Where are the places that are holy for you?  A nation? A plot of land where you spent a dreamy childhood summer? A Sunday School classroom? A rock in the desert?  Where were you when you stumbled upon God, or God crashed into you?

We sometimes hear about exceptionally holy places: cathedrals with brilliant stained-glass windows and imposing stone arches; cities like Jerusalem, with its worn stone walls and ancient streets; or sanctuaries like this one, where generations have worshipped, studied, and served together.  In the end, though, what makes a place holy is that God is there. And, like Jacob in the wilderness, sometimes God turns up in unexpected places, turning an ordinary rock sacred.

So keep an eye out this week, as you go about your daily life, for we never know where God might be found: in dramatic encounters or in small moments where we nevertheless sense that God is near.  When that happens, it is up to us to respond. Like the author of Psalm 48, we can stop and marvel at the presence of God, writing a poem in our hearts, maybe building an altar to remind us of what was true all along: God is here.

Even now, in this place, we gather because God is here, among us: in the smiles and handshakes, in our singing and our praying—God is here. In the choral music, Scripture readings, and children’s sermons—God is here. And at the table Christ has set for us—God is here. So, we come now to this table, where all are welcome, invited to eat and drink, and to encounter the God who is here.

“Stealing a Miracle”

Preached by Michael Cheuk, June 28, 2015
Taken from Mark 5:21-43


Someone once said, “Desperate times call for desperate measures.” In this morning’s Gospel Lesson from Mark, we meet two desperate people facing desperate times. The first was Jairus, one of the synagogue rulers. We know his name because he was a highly respected leader perched on the upper crust of Jewish society. Yet, despite his power, his privilege, his connections and his resources, he was helpless in the face of his twelve-year-old daughter’s progressing illness. Jairus had access to all the best medical care of his day, but nothing was working, and his daughter’s life was rapidly slipping away. Now, he had heard about a faith healer from the town of Nazareth, who, by all reports, was casting out demons and performing miraculous healings. Talk about alternative medicine! All the doctors Jairus had talked to thought Jesus was a quack, and all his friends on the synagogue ruling council said that they wouldn’t be caught dead getting help from an uneducated, hick-town preacher. But Jairus was desperate, and for his beloved daughter, he would try anything. So when he heard that Jesus was arriving to town, he decided to leave his dying daughter’s side for one final, desperate mission.

Jairus arrived at the lakeshore only to find it already crowded with people, people that he knew.  He felt the gaze of their curious eyes as he single-mindedly made his way toward Jesus. He knew what they were thinking. “What’s Jairus, the ruler of the synagogue doing here?” “Is he here to check out Jesus’ credentials?” “To officially welcome him?” “To tell him to go away?” Nobody really knew what to make of Jesus – and they weren’t sure what to make of Jairus approaching him on this day.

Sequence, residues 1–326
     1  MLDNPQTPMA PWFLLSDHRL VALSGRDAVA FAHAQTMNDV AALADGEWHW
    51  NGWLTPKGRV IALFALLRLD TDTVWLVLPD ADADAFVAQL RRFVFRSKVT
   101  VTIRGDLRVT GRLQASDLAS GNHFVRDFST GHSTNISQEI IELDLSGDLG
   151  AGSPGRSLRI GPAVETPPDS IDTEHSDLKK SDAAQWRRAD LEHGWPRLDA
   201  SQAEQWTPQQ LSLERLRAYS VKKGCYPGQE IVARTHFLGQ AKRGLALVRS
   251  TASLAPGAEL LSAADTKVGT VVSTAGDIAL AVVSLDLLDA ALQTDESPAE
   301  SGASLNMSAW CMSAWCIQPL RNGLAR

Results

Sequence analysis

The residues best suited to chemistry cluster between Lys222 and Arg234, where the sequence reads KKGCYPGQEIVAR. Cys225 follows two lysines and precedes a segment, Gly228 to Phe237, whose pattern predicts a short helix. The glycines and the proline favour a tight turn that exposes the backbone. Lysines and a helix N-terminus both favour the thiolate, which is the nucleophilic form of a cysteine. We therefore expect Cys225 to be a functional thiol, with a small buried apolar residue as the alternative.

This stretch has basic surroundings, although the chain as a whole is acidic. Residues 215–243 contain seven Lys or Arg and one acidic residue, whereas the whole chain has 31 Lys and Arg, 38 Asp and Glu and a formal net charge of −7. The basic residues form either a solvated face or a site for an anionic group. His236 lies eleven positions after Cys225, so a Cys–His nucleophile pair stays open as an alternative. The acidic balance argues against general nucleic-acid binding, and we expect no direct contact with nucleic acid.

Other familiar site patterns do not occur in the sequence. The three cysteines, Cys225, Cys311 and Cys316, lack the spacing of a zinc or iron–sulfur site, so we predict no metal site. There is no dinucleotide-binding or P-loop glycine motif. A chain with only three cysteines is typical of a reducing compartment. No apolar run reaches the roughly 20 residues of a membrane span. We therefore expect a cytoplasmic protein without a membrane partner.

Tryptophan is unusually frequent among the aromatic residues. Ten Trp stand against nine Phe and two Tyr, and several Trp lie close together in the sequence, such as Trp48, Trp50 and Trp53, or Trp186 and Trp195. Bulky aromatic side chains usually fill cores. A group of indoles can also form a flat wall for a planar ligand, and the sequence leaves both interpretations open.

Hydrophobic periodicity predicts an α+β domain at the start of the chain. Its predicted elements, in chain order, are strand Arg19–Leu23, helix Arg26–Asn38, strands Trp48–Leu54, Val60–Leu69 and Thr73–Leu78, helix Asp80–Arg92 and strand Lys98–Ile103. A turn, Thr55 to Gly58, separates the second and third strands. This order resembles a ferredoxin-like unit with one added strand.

Jairus could hear the collective gasp of surprise when he fell down at Jesus’ feet and earnestly begged: “My little daughter is dying. Please come and put your hands on her so that she will be healed and live.” My, how the high and mighty have been made low, but as they say, “Desperate times call for desperate measures.”

As Jesus was following Jairus home, racing against time on a life-saving mission, he was interrupted by a woman. Here, we meet the second desperate person in this story. It was a woman, so anonymous and insignificant that no one even knew her name. While women in those days held little power and status, this particular woman was an untouchable in Jewish society. For twelve years, for as long as Jairus’ daughter had been alive, she suffered from bleeding. She was tired physically. Twelve years of anemia exhausted her as little by little, as her life-force drained away. She was literally spent going to doctors. She’s now broke paying for treatments that didn’t work, and she can’t enroll for insurance because of her pre-existing condition. She was also exhausted spiritually. According to Jewish law, a bleeding woman was considered unclean. Her unclean state prevented her from worshipping in the synagogue where Jairus was the leader. She was fatigued emotionally. Her unclean state also meant that she had to be quarantined from other people until her bleeding stopped. That was tolerable when the bleeding was only for a few days out of every month, but for twelve straight years, this woman was sentenced to solitary confinement in which she was deprived of human touch and human relationship. In a small community where everyone knew everybody’s business, people in her village shunned her. She was alone and lonely.